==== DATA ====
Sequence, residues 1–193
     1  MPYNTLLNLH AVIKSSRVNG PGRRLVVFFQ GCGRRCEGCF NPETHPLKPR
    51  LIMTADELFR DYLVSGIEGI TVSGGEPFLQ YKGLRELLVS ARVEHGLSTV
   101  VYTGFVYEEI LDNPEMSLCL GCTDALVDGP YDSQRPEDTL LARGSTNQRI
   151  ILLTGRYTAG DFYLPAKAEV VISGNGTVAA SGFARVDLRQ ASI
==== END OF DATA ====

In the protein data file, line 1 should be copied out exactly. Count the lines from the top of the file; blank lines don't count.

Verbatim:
Sequence, residues 1–193